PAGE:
You don’t have to become fluent in a new language every time you travel to a new place, but it is a good idea to learn at least a few words in the language of your destination. The basics to learn are hello, thank you, yes, no, and excuse me, and they’ll go a surprisingly long way.

5 Not Following Local Etiquette

If you don’t follow the customs and etiquette of the place you’re going, you’ll immediately stand out as a tourist. That might mean blowing your nose in public in Japan or standing on the left side of the escalator to catch the Tube in London.

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Sometimes, not only will you stand out as a tourist while doing these things, but you’ll also aggravate the locals. That’s why it’s always helpful to make yourself aware of any customs, traditions, and etiquette tips before you travel to a new place.

4 Not Understanding The Local Currency

Many travelers rely on travel cards and credit cards while globetrotting today, and that certainly takes the pressure off. It can be seriously confusing to learn a whole new currency and understand what every little coin means. Unfortunately, though, using card is not available at every destination.

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Sometimes you’ll have no choice but to use the local currency in cash, so take some time to get familiar with it. The last thing you want to do is hold up the line while buying something because you can’t work out how much cash to hand over.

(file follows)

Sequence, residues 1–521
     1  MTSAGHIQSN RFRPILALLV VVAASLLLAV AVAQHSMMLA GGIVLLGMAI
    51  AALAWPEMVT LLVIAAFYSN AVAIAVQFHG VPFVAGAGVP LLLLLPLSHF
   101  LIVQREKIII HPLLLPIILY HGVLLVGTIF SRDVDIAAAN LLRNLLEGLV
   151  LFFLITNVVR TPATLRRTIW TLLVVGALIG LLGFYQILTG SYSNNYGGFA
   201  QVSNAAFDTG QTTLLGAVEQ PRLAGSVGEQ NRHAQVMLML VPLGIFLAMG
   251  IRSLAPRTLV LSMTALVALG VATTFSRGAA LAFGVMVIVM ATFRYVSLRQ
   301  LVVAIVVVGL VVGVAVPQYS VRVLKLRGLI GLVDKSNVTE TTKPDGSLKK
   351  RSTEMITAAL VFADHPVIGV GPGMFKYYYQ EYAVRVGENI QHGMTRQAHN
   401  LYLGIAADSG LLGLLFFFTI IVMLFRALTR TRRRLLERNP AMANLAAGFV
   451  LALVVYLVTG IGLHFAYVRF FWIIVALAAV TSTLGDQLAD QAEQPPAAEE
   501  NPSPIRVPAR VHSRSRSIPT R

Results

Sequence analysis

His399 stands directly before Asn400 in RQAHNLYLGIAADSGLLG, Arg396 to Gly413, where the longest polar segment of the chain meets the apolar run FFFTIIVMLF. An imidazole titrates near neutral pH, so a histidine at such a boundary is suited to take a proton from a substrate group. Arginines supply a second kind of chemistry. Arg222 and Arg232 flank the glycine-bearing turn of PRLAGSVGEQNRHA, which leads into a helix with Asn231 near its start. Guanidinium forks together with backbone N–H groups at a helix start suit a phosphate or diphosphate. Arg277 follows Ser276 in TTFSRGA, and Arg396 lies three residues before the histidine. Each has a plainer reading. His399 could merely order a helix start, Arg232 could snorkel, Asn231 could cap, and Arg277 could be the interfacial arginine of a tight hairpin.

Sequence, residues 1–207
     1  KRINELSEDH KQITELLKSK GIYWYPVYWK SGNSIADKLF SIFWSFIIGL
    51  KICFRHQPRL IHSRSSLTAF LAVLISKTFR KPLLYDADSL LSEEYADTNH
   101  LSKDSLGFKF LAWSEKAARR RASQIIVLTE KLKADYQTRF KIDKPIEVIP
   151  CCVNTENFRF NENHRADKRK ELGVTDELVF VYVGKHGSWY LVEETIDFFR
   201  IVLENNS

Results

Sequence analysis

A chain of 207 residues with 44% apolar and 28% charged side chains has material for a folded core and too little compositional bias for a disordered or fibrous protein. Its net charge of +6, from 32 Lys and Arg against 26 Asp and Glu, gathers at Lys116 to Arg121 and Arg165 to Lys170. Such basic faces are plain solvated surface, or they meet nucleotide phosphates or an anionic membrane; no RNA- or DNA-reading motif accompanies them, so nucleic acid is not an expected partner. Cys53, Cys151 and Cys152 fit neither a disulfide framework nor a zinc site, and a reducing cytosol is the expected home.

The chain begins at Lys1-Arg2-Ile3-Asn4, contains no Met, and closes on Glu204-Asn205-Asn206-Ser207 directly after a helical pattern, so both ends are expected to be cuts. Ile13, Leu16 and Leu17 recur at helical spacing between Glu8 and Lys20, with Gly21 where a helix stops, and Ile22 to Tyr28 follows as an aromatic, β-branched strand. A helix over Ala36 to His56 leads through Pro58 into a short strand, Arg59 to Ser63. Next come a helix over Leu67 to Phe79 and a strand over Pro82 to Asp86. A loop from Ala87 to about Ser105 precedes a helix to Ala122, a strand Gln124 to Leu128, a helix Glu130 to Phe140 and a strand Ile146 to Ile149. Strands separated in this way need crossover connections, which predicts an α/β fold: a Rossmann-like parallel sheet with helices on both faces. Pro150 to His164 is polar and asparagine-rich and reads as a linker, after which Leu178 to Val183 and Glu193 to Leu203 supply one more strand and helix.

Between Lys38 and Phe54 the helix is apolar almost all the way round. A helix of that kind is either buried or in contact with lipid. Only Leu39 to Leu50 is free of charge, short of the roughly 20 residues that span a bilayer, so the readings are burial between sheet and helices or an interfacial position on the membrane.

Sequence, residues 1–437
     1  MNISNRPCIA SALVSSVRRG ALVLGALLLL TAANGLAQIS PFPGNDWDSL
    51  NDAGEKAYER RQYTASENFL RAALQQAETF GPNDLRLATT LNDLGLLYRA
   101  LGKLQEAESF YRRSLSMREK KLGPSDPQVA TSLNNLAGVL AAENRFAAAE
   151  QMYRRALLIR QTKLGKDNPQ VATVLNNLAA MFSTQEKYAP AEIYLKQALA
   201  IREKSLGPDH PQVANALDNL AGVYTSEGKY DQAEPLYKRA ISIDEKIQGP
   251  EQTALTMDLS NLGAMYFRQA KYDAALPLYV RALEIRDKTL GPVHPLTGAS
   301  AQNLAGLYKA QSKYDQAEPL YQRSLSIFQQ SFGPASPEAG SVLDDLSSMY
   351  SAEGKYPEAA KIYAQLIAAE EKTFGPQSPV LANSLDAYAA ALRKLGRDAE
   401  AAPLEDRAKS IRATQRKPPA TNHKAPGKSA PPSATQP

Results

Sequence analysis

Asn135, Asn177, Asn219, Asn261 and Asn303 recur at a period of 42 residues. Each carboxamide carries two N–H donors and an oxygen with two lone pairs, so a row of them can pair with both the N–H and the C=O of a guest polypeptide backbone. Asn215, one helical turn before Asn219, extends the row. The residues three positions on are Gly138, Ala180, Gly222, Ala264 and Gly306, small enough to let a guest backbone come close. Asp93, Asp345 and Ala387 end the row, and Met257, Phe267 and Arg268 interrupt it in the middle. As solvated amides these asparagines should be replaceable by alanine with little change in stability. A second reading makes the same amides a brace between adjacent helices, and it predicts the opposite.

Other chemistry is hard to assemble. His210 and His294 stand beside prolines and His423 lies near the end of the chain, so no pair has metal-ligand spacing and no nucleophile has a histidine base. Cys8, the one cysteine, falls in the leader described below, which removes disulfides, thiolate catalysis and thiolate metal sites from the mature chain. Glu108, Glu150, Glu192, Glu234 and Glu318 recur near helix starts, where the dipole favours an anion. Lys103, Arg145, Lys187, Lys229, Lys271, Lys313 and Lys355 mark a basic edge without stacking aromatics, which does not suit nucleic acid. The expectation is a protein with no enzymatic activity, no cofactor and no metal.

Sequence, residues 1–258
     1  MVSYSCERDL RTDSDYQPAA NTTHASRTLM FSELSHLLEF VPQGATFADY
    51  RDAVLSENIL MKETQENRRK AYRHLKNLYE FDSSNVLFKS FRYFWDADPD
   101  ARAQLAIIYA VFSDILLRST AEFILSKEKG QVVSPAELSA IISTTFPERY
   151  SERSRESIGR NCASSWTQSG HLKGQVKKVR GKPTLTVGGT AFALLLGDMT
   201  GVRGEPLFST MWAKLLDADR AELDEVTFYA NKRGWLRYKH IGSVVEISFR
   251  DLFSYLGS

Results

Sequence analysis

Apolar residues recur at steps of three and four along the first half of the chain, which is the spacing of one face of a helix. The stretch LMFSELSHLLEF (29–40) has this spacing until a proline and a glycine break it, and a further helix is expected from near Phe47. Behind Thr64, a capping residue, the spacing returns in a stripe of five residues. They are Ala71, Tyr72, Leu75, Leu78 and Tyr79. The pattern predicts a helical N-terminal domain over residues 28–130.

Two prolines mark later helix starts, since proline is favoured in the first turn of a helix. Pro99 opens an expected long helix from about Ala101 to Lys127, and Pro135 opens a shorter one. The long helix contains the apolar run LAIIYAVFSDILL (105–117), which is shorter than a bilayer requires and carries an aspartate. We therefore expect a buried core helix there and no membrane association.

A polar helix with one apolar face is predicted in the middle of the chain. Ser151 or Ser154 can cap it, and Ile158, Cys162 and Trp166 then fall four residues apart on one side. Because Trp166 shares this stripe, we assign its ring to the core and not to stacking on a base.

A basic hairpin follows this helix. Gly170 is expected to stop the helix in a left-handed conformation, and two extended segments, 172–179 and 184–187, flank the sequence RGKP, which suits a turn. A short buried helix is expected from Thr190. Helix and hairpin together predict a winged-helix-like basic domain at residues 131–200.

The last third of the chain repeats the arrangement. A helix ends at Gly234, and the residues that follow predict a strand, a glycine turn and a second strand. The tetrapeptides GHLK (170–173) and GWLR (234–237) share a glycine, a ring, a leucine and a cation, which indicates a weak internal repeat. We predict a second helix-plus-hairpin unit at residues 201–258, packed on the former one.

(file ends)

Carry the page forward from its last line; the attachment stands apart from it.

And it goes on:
3 Getting Super Drunk

Getting completely lit is a pastime in places like the United States, the United Kingdom, and Australia. But in many other places in the world, it’s not really done. Visit many of the countries in Europe, Asia, and the Middle East, and you’ll find that it’s actually frowned upon to get messy in public. It may even be illegal.

Losing control of yourself and your wits isn’t a good idea when you’re already in unfamiliar surroundings, anyway. Getting boozy and letting everyone know that you’re not a local is definitely not a winning combination.

2 Gawking At Everything You See

We know, it’s hard not to gawk at everything when you’re in a new and exciting place. Sometimes you can’t help it, and you shouldn’t have to hide your excitement when visiting a place you’ve been dreaming about for years. That said, openly staring at things that seem normal to locals will set you apart as a tourist.

If you’re witnessing something that you’re not used to but is totally commonplace for everyone else, try your best to be cool and save the excitement for the hotel room.

1 Eating Dinner Too Early

This one applies to Southern Europe in particular. Dinner in countries like Italy, Greece, and Croatia tends to be after 9 p.m. Often, you’ll see locals dining in restaurants at around 11 pm. So if you go out to eat your dinner at 6 p.m., you’ll be given away as a tourist.

It can be hard to wait if your stomach is used to eating a lot earlier. One good way of killing time is to have a nap at about 5 or 6 p.m., after a long day of sightseeing. Get up and get ready slowly, and make your way to dinner at about 8:30 p.m. to fit in with the locals.